A Long History of Broken Campaign Promises Joseph Ellis, a history professor at Mount Holyoke College, explains his theory of why politicians don't fulfill the promises they make on the campaign trail. His op-ed, "A Promise of Unpredictability," appeared on Wednesday in the Los Angeles Times.
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A Long History of Broken Campaign Promises

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MIKE PESCA, host:

This is TALK OF THE NATION. I'm Mike Pesca in Washington.

And now it's time for the TALK OF THE NATION Opinion Page. No one's better on the subject of politicians and the things they promise than the bard of Baltimore, H.L. Mencken. He said, quote, "If a politician found he had cannibals among his constituents, he would promise them missionaries for dinner." I guess the body politic never sounded so delicious.

Historian Joseph Ellis looked back on 200 years of political promises in an op-ed page for the Los Angeles Times last week and found just two presidents had really kept their campaign pledges. We'll talk to him in a moment.

But we'd like to hear from you. Has a broken political promise ever left you heartbroken? Which promises do you really wish they'd kept? Join the conversation. Our number here in Washington is 800-989-8255. Our e-mail address is talk@npr.org. And you can also comment on our blog, that's npr.org/blogofthenation.

Joseph Ellis is a Pulitzer Prize-winning professor of history at Mount Holyoke. And he's joining us from member station WFCR in Amherst, Massachusetts. Thank you for joining us, Professor Ellis.

Professor JOSEPH ELLIS (History, Mount Holyoke College; Author, "American Creation: Triumphs and Tragedies at the Founding of the Republic"): My pleasure, Mark.

PESCA: It's Mike. But that's okay.

Prof. ELLIS: Mike, I'm sorry.

PESCA: If you promise to call me Mark, you've now broken that promise.

(Soundbite of laughter)

PESCA: Well, let's go at the good news, the so-called promise keepers. I know you cited two in your article.

Prof. ELLIS: And there might be more.

PESCA: Okay.

Prof. ELLIS: I mean that's a matter of, you know. You can weigh these things in different ways. But the two that stand out are George Washington and President Polk.

PESCA: So two guys from different ends of the historical ratings of great presidents.

Prof. ELLIS: Yeah. Although Polk has his supporters among professional historians…

PESCA: Yeah.

Prof. ELLIS: …Washington's right up there at the top three. The top three are always Washington, Lincoln and Franklin Roosevelt.

PESCA: But Polk is like the trendy indie-band choice for historians who want to show that they know what's up.

Prof. ELLIS: That's right. He's the inside choice because he really did make three or four very specific promises about what he was going to do, one of which is to resolve the border with Oregon and Washington and Canada, and reduce the debt. And every instance he did exactly what he said he was going to go. He did no more than that. He left office after one term and then, I think, died three months later.

PESCA: Basically, my work is done here and then was kind enough to die. And yet…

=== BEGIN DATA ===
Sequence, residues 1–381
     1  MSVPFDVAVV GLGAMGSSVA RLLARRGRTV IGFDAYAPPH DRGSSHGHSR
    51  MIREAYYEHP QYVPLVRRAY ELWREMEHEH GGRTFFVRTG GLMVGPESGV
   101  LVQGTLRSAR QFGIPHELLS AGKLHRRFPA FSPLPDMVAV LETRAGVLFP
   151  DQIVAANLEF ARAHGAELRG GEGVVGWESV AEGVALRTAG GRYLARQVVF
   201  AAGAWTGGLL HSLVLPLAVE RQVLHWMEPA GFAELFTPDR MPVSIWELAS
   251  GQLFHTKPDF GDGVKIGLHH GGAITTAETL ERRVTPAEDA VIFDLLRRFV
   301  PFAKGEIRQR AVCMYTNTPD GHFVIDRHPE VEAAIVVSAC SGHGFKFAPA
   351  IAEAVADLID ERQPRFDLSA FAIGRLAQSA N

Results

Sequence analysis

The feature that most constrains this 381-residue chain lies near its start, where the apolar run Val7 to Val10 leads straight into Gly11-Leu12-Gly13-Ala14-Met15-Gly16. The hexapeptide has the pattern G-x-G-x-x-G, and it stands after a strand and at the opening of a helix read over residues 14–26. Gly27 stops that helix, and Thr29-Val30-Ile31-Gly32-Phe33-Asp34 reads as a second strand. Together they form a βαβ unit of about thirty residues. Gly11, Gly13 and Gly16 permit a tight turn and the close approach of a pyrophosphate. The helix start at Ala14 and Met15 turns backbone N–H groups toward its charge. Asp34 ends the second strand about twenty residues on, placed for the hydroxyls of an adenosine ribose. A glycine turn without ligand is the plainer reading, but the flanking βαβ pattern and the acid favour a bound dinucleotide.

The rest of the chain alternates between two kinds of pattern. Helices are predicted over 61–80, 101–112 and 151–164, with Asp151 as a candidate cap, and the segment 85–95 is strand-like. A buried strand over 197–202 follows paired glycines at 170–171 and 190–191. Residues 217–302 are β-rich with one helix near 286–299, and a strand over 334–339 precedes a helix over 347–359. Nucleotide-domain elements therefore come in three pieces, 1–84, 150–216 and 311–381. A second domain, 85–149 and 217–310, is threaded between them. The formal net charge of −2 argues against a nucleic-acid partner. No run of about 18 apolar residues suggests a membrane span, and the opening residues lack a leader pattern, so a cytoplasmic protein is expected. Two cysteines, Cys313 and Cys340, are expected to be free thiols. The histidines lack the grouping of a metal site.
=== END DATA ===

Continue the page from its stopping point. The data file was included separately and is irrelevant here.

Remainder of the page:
Prof. ELLIS: Indeed.

PESCA: And yet, I don't hear politicians today going, I'm as honest as Polk. I'll be Polk-like in my consistency.

Prof. ELLIS: Well, maybe we can start a little trend here, Mike. But I do think - I'm a biographer of Washington, so he's going to be my guy and, in terms of the presidency and carrying forward what he said he was going to do, I think he's the gold standard.

PESCA: So were you between writing a biography of Washington and Polk and your literary agents said, I think the Washington one might sell better.

Prof. ELLIS: No, no, in fact, I got a new one out called "American Creation," which is also - got Washington as one of its characters. I usually follow the Casablanca principle, that is, I round up the usual suspects and so my publicist is pleased that I'm talking to you because she thinks somebody might buy this book.

(Soundbite of laughter)

PESCA: Well, speaking of Casablanca, I think a lot of - or a lot of voters would be shocked to find that politicians don't keep their promises. How about this, why? Is there a real reason? Are they just liars? Or have you found a consistent reason why promises get broken?

Prof. ELLIS: There are two or three reasons. One is that the culture of a modern, that is a 20th to 21st century political campaign at the national level, is virtually incompatible with deliberation. It is a series of media events and sound bites. And the kind of psychological conditions that a candidate has to endure make any kind of thorough and, as I say, deliberative set of convictions really difficult. And none of the founders would ever have run for president in the current political climate.

They would have regarded it as prostitution. And sometimes when I think about it myself, I think in order to put yourself through this process, you have to be slightly crazy. So the process of campaigning itself makes - it has little to do with the qualities of mine necessary to actually govern.

The second thing is you can never know what's going to happen. George Bush could not predict that they were going to fly airplanes into the World Trade Center or the Pentagon, and Woodrow Wilson couldn't predict that the Germans would resume unrestricted submarine warfare.

And so those events forced presidents to make decisions which often contradict what they said they're going to do. So, those are the two big - and then the other thing is that over time, people change their minds. Ronald Reagan described the Soviet Union as the evil empire and said he never wanted to negotiate; he couldn't trust them, but he proceeded to negotiate with Gorbachev…

PESCA: As circumstances changed, as glasnost existed, as it did not in 1980.

Prof. ELLIS: Correct.

PESCA: So your three things are: the atmosphere changes, the future changes and the candidates themselves change.

Prof. ELLIS: Correct.